Building Capacity of the Public Health System to Improve Population Health through National, Nonprofit Organizations, financed in part by 2016 Prevention and Public Health Funds: CDC announces a supplemental funding opportunity for the 25 national, nonprofit organizations that were awarded under the CDC-RFA-OT13-1302 Funding Opportunity Announcement (FOA). This supplemental funding opportunity permits the awardees to strengthen the infrastructure and improve the performance of governmental and nongovernmental components of the public health system through the provision of capacity-building assistance (CBA).In 1988, the Institute of Medicine (IOM) published a landmark report, The Future of Public Health. It was the first national report to call attention to the need to address America’s fragmented and seriously underfunded public health system. Although the report acknowledges the multiple stakeholders engaged in the public health enterprise, its recommendations focused on strengthening governmental public health departments as they represent the mainstay of the public health system.The call for a transformed, invigorated public health system continues into the 21st century, as the challenges for governmental public health have not ceased (IOM, 2012a, 2011; Robert Wood Johnson Foundation, 2012; Trust for America’s Health, 2008). Challenges such as economic recessions, persistently underfinanced and fragmented public health infrastructure, and the shifting public health needs threaten governmental public health’s capacity to achieve the recommended transformation and address the broad health and safety needs of the American public. These challenges also weaken its capacity to: 1) meet the ambitious Healthy People 2020 and National Prevention Strategy goals; 2) effectively perform the ten essential public health services; and 3) address the nation’s future health challenges, such as rising health care costs and the health needs of a growing older adult population). Such challenges demonstrates the urgency of improving performance, accountability, and value of America’s governmental public health and the overall public health system. In addition, public health will benefit from effective integration with primary care in areas such as community engagement, aligned leadership that bridges disciplines and jurisdictions, sustainability by establishing a shared infrastructure, and sharing and collaborative use of data and analysis. A robust program that adequately invests in capacity building assistance will contribute significantly in transforming the public health system and its various components to cover a broad range of challenges and needs. In general, CBA activities are expected to result in an increase in the quality, quantity, efficiencies, and/or cost effectiveness of public health services and related outcomes, and ultimately in public health improvement.For the purpose of this Funding Opportunity Announcement (FOA), the public health system refers to “activities undertaken within the formal structure of government and the associated efforts of private and voluntary organizations and individuals” (IOM, 1988). Specifically, the purpose of this program is to ensure the provision of CBA to optimize the quality and performance of public health systems, the public health workforce, public health data and information systems, public health practice and services, public health partnerships, and public health resources.This FOA defines capacity building as the development and strengthening of human and organizational resources and systems. It involves enhancing the performance of functions, problem-solving, and achievement of objectives at individual, institutional and societal levels. CBA encompasses activities such as technical assistance, training, information sharing, technology transfer, materials development, or funding that enables an organization to better serve its population or to operate in a more comprehensive, responsive, and effective manner. Capacity building is expected to assist governmental and nongovernmental public health in fulfilling the mission of protecting and promoting health in their communities and effectively performing essential public health services.This FOA provides funding for CBA activities with target populations under three headings: Category A: Governmental Public Health Departments; Category B: Workforce Segments across Governmental Public Health Departments; and Category C: Other Governmental and Nongovernmental Public Health Components. The applicant’s CBA program is expected to demonstrate measurable progress among governmental and nongovernmental components of the public health system towards two or more of the following outcomes: 1) increased adoption of new or proven business improvements leading to management and administrative efficiencies or cost savings; 2) increased availability and accessibility of continuing education and training focused on public health competencies and new skills, including the use of experience-based internships and fellowships; 3) increased incorporation of core public health competencies into employee position descriptions and performance evaluations; 4) increased integration of state-of-the-art technology into data collection and information systems; 5) increased implementation of evidence-based public health programs, policies, and services; 6) improved capacity to meet nationally established standards, such as those for health department accreditation; 7) establishment and maintenance of diverse public health partnerships for meaningful cooperation and achievement of evidence-based public health strategies and interventions, such as the CDC Winnable Battles; and 8) improved quality, availability, and accessibility of public health education materials, training, and evaluation tools and resources.The FOA program strategies and related activities represent major national recommendations for CBA. The strategies are also based on the CDC Office for State, Tribal, Local, and Territorial Support's priorities, program experiences, and evidence-based recommendations from national reports published by federal councils and national public health organizations: U.S. Department of Health and Human Services, Healthy People 2020, IOM, and the National Prevention Strategy. These capacity-building program strategies and related activities are designed to position components of the public health system to fulfill their mission in protecting and promoting population health in the United States, United States territories, and Tribal nations. Applicants may propose to address one or more of the six program strategies and identifying corresponding activities. The activities should be proposed on the basis of the priority needs of the target population: 1) Public Health Systems and Organizational Improvement; 2) Public Health Workforce; 3) Public Health Data and Information Systems; 4) Public Health Practice and Services; 5) Public Health Partnerships; and 6) Public Health Resources, Communication and Evaluation.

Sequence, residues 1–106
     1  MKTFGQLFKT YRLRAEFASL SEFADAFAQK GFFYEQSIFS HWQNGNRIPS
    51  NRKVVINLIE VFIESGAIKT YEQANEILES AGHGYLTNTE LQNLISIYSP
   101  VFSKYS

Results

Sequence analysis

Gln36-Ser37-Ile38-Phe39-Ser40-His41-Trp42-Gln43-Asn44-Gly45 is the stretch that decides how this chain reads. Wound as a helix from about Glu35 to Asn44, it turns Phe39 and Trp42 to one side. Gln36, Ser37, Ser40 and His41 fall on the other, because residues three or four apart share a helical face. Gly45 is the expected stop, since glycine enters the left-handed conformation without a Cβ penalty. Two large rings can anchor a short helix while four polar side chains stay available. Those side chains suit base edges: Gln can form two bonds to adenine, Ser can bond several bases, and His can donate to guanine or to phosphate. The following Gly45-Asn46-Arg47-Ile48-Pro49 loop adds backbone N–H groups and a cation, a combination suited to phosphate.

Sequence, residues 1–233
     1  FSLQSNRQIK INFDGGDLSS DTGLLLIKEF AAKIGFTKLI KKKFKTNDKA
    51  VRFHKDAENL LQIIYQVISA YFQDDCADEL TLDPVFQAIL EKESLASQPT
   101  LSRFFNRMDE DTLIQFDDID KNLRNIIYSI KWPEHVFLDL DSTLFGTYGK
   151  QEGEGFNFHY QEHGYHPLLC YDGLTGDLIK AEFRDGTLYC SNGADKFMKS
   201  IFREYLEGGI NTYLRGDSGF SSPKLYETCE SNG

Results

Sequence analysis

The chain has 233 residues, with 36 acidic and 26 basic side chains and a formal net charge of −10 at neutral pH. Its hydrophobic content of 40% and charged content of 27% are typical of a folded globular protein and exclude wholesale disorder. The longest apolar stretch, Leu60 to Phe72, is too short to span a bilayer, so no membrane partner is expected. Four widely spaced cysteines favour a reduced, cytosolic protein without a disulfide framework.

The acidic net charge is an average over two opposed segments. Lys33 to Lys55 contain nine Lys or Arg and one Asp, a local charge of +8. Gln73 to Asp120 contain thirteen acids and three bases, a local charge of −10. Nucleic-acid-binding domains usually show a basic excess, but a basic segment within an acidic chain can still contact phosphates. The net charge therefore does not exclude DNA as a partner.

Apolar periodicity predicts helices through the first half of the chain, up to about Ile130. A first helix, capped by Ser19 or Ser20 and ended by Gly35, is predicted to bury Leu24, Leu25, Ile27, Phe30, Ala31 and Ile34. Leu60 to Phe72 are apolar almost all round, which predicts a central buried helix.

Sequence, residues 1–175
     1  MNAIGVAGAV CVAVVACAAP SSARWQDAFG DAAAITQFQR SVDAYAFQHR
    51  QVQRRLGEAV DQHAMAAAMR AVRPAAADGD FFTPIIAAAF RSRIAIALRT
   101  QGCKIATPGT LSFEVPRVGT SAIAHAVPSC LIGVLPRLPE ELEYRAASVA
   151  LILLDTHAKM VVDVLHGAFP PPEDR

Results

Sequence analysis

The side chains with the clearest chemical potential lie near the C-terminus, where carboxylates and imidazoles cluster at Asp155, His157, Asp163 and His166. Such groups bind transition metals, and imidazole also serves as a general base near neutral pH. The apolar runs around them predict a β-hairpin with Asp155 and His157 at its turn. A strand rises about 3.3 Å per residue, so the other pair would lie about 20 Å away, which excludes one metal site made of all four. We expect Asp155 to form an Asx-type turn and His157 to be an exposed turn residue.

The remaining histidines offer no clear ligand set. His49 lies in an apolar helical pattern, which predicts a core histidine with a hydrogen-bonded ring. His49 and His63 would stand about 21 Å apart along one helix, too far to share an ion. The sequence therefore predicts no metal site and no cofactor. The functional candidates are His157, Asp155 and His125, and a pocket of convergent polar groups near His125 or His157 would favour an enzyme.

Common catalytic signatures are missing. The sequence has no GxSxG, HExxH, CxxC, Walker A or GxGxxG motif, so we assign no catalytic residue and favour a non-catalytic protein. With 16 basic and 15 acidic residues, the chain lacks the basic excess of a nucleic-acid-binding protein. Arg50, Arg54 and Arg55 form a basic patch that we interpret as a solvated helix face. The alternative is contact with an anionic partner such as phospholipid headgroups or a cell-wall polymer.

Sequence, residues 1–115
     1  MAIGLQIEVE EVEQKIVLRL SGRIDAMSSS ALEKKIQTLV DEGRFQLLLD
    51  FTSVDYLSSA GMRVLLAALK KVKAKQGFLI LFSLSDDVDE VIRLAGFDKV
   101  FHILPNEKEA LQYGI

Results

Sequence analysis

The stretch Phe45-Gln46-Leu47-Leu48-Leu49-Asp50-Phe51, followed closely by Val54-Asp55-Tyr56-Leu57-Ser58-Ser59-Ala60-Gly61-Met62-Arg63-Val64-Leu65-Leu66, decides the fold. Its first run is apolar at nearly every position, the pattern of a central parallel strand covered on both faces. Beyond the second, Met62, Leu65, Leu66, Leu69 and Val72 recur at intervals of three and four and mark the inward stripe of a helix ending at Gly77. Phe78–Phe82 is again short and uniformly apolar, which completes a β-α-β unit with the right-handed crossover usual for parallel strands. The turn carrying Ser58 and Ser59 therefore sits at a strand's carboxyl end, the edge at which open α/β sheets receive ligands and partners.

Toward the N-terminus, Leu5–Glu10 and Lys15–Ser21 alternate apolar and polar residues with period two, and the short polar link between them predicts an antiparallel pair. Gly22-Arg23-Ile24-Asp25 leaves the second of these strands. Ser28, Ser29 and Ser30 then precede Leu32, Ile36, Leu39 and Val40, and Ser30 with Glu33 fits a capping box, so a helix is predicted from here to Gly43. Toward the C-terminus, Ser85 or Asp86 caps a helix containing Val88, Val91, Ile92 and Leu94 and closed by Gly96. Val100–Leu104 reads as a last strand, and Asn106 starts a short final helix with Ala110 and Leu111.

|Federal Grant Title:||Building Capacity of the Public Health System to Improve Population Health through National, Nonprofit Organizations, financed in part by 2016 Prevention and Public Health Funds|